How valuable is the Fed put? How valuable is the Fed put? How valuable is the Fed put?

How valuable is the Fed put?

Mahesh Sethuraman

Sales Trader

After some extreme hawkish-dovish swings between October 2018 and early January of this year, the US Federal Open Market Committee finally acknowledged the reality of what Powell described as ‘cross-currents at home and abroad’ with a decisive dovish tilt in the FOMC on January 30. That it came on the back of little change in the current economic outlook as such is telling – the subsequent strong nonfarm payrolls print propped up the case further still. It wasn’t just a sustained pause on rates that the Fed hinted towards, either – it even left the door open to tweaking the balance sheet run-off, which has been on autopilot mode, ‘if the situation warrants’. It’s fair to say that the Fed put has officially kicked in.

Coming as it does at a time when the significance of the Fed put pales in comparison to the broader slowdown concerns in China, the accelerating slowdown in the European Union and falling US imports, it is hard to make a case for the put as a potent force. While the immediate reaction in risk assets was positive with equities bouncing higher, EM assets rallying and USD weaker, the impact of the Fed put is likely to be limited this time around.

The dollar, for example, has already recovered substantially from the post-FOMC low as the odds of a September hike from the European Central Bank are practically zero in the face of Germany’s growth being downgraded for 2019 to 1.1% and Italy entering recession. As well, the broader EU slowdown is likely to accelerate further through the year. The Reserve Bank of Australia has followed suit by tilting dovish and a woeful labor data release has increased the odds of a Reserve Bank of New Zealand rate cut over the next 12 months.

With that set up, we could see emerging market central banks follow suit as well with India already cutting the rates, Thailand standing pat, Mexico, and, Brazil likely to do the same if not actually cutting rates in the near future. The only central bank with anywhere near the ammunition required to hike rates was the Bank of England but they also grew more cautious in the wake of the never-ending Brexit saga.

In terms of the equity bounce, much of the recovery from the December 26 low was already underway with the SPX up 14.65% from the low on the day before the FOMC. If we have to strip out the dovish Fed’s impact on the index, we could say it was barely 2% of the move. Also, this recovery is built on the premise of a US-China trade deal as much as the likelihood of Fed staying on pause all year.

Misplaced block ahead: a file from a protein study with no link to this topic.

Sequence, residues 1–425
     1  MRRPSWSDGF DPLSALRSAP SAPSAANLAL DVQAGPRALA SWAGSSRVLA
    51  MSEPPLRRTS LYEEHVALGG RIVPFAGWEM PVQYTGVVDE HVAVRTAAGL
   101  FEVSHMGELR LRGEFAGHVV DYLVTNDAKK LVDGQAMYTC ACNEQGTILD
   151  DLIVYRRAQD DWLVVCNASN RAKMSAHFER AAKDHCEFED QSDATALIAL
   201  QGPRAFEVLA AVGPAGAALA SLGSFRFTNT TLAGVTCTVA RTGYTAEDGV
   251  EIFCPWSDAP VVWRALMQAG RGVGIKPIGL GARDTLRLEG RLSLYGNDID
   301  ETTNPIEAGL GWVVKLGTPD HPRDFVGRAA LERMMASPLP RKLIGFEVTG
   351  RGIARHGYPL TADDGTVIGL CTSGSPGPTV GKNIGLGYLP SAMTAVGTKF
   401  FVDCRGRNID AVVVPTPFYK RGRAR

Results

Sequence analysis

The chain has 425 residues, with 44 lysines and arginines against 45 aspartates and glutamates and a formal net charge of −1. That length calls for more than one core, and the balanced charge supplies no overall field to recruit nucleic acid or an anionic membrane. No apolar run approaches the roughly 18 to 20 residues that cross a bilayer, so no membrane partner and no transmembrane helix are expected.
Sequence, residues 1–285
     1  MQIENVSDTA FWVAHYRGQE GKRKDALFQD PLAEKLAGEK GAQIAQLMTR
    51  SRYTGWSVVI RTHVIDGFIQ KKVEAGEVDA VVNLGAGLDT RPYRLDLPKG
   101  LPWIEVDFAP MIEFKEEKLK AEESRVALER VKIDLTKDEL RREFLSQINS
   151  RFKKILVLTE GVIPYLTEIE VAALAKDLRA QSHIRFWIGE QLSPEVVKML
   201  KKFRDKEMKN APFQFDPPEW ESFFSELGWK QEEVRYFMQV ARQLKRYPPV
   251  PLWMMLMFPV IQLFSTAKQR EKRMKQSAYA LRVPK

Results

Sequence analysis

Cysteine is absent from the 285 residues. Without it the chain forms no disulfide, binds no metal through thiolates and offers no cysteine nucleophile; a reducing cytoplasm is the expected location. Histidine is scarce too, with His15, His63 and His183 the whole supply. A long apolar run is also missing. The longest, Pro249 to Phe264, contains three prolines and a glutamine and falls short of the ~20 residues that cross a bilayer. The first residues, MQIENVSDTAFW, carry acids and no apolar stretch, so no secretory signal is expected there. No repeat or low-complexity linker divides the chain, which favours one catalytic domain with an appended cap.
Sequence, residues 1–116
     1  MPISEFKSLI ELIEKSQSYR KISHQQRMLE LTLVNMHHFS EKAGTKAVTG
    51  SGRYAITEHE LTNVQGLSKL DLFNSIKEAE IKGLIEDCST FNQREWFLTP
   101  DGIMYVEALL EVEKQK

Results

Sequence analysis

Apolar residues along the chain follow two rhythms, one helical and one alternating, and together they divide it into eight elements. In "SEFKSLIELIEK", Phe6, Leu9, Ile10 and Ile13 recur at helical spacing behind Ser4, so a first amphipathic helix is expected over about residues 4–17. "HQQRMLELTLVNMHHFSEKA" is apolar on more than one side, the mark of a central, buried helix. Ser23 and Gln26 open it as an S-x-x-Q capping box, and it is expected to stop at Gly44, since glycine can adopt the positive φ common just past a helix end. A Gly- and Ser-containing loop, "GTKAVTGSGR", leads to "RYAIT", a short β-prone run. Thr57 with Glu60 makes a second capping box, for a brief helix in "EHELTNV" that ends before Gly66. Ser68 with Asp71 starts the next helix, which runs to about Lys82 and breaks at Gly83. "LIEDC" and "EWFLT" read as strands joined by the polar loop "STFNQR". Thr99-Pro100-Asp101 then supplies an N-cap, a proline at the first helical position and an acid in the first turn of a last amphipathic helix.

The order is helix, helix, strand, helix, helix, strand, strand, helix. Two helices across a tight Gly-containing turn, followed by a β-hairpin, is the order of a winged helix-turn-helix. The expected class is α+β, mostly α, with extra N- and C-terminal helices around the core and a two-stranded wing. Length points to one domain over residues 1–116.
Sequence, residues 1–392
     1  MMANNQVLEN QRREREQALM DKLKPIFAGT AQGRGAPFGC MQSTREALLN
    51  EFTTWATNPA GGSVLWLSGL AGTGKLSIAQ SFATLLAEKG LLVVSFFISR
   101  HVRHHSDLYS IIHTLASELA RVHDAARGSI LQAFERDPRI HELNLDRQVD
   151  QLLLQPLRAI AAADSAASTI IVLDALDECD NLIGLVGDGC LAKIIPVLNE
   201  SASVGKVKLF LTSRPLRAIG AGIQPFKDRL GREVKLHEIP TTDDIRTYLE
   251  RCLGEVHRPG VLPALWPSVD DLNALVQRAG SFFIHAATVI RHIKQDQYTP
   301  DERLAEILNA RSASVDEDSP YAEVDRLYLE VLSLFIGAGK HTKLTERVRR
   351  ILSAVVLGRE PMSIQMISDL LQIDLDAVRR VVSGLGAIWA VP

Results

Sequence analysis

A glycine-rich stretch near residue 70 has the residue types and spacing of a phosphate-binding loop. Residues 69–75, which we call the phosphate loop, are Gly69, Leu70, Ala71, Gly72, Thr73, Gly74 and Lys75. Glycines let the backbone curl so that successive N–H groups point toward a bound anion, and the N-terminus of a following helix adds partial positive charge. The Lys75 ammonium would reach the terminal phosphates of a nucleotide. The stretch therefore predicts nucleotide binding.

If the dovish tilt from Fed has had a major impact on one aspect of risk sentiment, it is probably insofar as it has decreased the odds of US yield curve inversion substantially with the 10-year/two-year spread – which converged as closely as within 10 basis points in December – back to 17 bps wider and likely to stay in positive territory as long as the Fed stays on pause. Swaps markets are pricing in the next Fed rate move as a cut rather than a hike.

Germany and other twin surplus economies continue to steer away from fiscal stimulus. China’s monetary stimulus has proven to be too small in size to offset the scale of the slowdown facing the economy – the mirage of a V-shaped recovery can be comfortably thrown out of the window. The US is running out the tax stimulus’ last laps just as the impact of Fed monetary tightening over the last years is starting to show up in housing and other rate-sensitive sectors.

A US-China trade deal could provide a much-needed temporary boost, but the broader demand shock facing the global economy in the later part of 2019 and 2020 is getting increasingly real.

Against this backdrop, the Fed’s dovish tilt (and the likely coordinated pause in monetary tightening from central banks around the world) has come too late and with a rather small scope of course correction. Hopes for a US-China trade deal set aside, it is easier to make the case that we have already seen the top in equities than the bottom.

The Fed may have written a put option but if I had to mark it on the SPX chart, the strike would be closer to 2,300 than 2,700.


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